Warpaint – The Fool

written by: October 6, 2010
Warpaint - The Fool album cover Release Date: October 25, 2010


Feminism is still in session.

Politics and sports all provide individual examples, but one need  look no further than music’s doorstep to see that the female DJ imbalance continues, even though sexuality is an essential ingredient in pop music. However, we can now add Warpaint to the purportedly shortening list of modern examples; four young Echo Falls women who shred their instruments have reopened old wounds.

The way they look, the clothes they wear and their celebrity friends have all made a louder noise than the music they create.

The “female Nirvana” were denied a chance of succeeding on its own merit. On the most basic level, the band’s debut album The Fool puts to rest all those misconceptions and pre-ordained facts, while diffusing the hysterical buzz that surrounds the group. Outside of the music, there is much to be cleared up (John Frusciante’s involvement, Heath Ledger’s seal of approval, the celebrity siblings) but all of this is ignored on record.

The eponymous centre-piece crests a jarring barrage of bass before a thrilling coda, alone on an album devoid of notable choruses and peaks. The biggest mistake would be to consider this ambient music. Warpaint demands your attention, but the satisfaction and understanding of The Fool comes with time.

Lead single “Undertow” is a defiantly blunt exploration of what the band is capable of, adding 110 crucial seconds to the promo edit. Lyrical ambiguity – “What’s the matter/You hurt yourself?” – spars with a brutal instrumental that is soft, yet abrasive and ultimately thrilling.

The live experience is a vital part of Warpaint’s appeal, and The Fool sticks incredibly close to this.

The sparse production lines up a few common factors: the vocal mix is endearingly off-kilter, offset against unabating bass and intricate guitar lines. During the early parts of Warpaints career, the music came from epic jam-sessions, and some of these winding compositions share that intimate, experimental feel. “Billie Holiday” finds a replacement in “Baby,” which trades in the brutal production for softer acoustic tones, emulating that hippie, singalong appeal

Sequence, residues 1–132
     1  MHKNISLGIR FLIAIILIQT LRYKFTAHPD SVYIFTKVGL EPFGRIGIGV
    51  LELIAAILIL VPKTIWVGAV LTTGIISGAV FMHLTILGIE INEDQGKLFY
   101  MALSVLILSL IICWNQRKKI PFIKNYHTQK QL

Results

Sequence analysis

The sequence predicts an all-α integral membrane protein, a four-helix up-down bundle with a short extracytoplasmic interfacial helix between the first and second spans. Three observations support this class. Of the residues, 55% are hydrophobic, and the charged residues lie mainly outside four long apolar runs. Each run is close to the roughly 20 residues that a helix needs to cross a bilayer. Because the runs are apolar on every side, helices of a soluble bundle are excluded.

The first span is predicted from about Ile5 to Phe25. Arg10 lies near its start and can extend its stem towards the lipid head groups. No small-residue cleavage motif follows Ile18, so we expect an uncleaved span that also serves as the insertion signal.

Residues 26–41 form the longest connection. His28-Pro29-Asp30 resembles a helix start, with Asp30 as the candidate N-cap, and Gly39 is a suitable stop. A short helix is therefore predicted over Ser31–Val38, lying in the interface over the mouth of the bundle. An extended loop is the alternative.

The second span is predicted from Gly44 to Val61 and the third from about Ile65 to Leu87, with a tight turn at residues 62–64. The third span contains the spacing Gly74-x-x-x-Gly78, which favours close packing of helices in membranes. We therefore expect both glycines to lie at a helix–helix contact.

Toying with processed effects on “Bees” or a hypnotic piano arpeggio on album closer “Lissie’s Heart Murmur,” it is clear that there is far more in the tank.  After officially forming in 2004, they tinkered with a core group of tracks that made up the foundation of the Exquisite Corpse EP. “Stars”, “Elephants” and “Billie Holiday” are all live staples, yet the lengthy buildup to release explain their decision to include all new material.

Somehow, The Fool manages to ride out the wave of fanatical hysteria without sacrificing any of the character that made the band’s earlier material promising. Warpaint is not designed for mass consumption, nor have we ever expected the recorded output to match the band’s onstage majesty, but The Fool goes a long way in proving that this is a band who will continue to surprise. Sometimes, things don’t turn out as you would expect.